Rats were fed a casein based diet containing Cd biologically bound in ryegrass (Lolium multiflorum L. ssp. italicum) for eight weeks. The grass portion in the diet was 20% (w/w). Cd concentrations of the respective diets were (µg/g diet): 0.24 (control group Cd=0), 0.85 (group Cd=1) and 2.25 (group Cd=2). After six weeks on the diets, food intake and body weight were reduced by the low dietary Cd concentration (Cd=1), while in treatment group Cd=2 this occurred after 2 weeks. After an 8-week feeding period the concentrations of Cd, Cu, Zn, Fe and Ca in selected organs, tissues and in the excreta of rats beside whole body element contents were determined. While no elevated Cd levels due to the Cd intoxication were found in skin, lung, blood, testes, muscle and urine, Cd concentrations in liver, kidney and spleen increased in a dose-dependent manner. This was also true for whole body Cd and Cd in faeces, the latter being 27.6 fold higher in the high Cd load (Cd=2) as compared to the controls (Cd=0). Highest Cd concentrations were recorded in liver and kidney. Calculated as percentage of the whole body metal content liver Cd increased from 1.49% (Cd=0) to 7.41% (Cd=2) and kidney Cd from 0.65% to 4.87%. While no changes of the Ca levels in all organs and tissues investigated were observed, liver Zn increased and blood Cu decreased. Copper and Zn increased in faeces and decreased in urine. With the exception of skin and lung, a significant loss of Fe was observed in all organs and tissues, which was most evident in treatment group Cd=2. Depending on the Cd dose applied, reduced fecal and urinary Fe excretion occurred. Hematological parameters (hemoglobin, hematocrit, blood glucose) and serum enzyme activities (alkaline phosphatase, aspartate aminotransferase, alanine aminotransferase, ?-glutamyl transferase) were not affected by Cd in a biologically bound form. Serum alanine amino transferase showed slightly lower activities in treatment groups Cd=1 and Cd=2. Analysis of the glucose concentration and the activity of alkaline phosphatase in urine did not reveal any changes due to the Cd intoxication. Accumulation and toxicological effects of Cd biologically bound in ryegrass are discussed in relation to inorganic forms of the metal administered to mammals.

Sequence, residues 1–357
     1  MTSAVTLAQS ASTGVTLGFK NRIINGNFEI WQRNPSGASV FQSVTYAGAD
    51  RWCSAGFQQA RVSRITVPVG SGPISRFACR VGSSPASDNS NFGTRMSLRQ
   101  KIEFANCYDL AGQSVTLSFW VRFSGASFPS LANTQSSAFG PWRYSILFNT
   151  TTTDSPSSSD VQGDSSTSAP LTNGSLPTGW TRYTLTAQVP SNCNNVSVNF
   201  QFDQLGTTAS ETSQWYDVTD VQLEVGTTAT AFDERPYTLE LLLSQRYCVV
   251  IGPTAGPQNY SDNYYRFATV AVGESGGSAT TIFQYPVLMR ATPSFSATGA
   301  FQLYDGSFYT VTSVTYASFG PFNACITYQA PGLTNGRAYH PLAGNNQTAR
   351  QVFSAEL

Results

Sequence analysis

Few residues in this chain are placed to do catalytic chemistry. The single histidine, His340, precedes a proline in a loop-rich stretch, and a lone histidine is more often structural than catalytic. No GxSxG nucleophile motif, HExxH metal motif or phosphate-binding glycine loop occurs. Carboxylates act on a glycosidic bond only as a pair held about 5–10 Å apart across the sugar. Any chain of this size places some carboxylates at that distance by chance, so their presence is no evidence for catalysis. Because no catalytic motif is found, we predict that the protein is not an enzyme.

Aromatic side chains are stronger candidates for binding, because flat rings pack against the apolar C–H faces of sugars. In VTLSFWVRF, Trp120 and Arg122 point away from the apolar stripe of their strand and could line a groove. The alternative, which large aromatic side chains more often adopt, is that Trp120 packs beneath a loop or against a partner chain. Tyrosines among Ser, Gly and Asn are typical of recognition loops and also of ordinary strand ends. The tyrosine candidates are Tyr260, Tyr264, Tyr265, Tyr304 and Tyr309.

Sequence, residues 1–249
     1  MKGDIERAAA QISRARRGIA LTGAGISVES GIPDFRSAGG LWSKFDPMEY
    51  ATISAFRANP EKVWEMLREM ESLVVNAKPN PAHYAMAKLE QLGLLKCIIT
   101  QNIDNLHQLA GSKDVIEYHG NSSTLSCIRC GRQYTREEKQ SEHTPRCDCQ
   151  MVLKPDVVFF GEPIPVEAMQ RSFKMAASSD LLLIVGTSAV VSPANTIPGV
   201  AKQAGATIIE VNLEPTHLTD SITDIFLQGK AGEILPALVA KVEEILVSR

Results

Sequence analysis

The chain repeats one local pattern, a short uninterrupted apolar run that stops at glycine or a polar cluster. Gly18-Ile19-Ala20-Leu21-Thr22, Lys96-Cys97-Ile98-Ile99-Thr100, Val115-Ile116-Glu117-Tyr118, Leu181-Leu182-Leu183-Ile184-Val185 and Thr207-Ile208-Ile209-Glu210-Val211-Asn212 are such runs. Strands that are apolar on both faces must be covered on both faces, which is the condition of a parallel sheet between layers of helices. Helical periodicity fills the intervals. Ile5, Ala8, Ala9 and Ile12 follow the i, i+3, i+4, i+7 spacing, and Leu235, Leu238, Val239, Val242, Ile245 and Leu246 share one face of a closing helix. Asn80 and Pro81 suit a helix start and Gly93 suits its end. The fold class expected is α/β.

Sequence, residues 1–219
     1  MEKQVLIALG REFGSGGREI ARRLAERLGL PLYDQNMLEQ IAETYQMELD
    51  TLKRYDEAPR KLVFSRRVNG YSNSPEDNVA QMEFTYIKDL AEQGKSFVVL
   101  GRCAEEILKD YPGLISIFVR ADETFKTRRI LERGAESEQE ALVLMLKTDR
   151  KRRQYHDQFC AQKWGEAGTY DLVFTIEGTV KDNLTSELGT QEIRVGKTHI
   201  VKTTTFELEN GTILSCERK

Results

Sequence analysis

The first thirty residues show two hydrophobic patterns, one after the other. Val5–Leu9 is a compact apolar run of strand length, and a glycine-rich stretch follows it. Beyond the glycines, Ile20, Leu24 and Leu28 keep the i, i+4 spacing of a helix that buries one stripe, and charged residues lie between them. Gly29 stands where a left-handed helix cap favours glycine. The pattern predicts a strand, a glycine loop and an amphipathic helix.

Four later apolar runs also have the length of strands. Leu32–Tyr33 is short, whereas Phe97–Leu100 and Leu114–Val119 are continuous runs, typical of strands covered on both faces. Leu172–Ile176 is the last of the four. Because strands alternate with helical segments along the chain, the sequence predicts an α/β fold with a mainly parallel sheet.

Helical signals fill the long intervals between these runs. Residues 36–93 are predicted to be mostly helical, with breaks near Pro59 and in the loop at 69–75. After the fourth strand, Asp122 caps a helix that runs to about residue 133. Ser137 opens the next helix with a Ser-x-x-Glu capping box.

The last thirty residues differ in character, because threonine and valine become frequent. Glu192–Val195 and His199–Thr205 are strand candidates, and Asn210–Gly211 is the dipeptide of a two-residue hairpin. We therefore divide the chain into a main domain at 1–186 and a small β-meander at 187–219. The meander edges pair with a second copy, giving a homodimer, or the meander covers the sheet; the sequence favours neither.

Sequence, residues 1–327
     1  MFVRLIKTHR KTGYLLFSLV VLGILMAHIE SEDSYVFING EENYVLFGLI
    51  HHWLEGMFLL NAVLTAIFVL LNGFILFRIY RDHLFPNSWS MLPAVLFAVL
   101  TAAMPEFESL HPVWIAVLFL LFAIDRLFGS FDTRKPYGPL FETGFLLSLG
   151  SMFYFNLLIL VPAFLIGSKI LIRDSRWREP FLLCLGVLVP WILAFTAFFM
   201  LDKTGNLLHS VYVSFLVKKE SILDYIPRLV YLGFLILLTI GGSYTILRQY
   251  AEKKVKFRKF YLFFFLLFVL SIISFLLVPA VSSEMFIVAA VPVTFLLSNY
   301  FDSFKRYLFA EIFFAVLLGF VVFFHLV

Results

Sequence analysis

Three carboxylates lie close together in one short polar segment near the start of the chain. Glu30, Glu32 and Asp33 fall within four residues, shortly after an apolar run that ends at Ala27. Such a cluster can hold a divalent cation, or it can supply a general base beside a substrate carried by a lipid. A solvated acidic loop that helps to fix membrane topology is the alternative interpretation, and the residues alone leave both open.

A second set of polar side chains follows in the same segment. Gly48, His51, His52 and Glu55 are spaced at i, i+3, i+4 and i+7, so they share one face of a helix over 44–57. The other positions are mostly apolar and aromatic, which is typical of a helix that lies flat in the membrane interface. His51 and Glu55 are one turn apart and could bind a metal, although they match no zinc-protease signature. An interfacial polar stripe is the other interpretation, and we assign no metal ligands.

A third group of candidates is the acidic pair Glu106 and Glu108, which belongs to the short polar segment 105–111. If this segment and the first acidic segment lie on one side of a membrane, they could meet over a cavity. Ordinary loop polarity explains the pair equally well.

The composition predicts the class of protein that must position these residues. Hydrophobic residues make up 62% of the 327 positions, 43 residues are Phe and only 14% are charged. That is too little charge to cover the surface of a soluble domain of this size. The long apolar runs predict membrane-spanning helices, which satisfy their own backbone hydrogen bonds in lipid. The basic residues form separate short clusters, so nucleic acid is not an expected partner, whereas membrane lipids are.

Archives of Environmental Contamination and Toxicology 02/1987; 16(1):85-93. DOI:10.1007/BF01055363 · 1.96 Impact Factor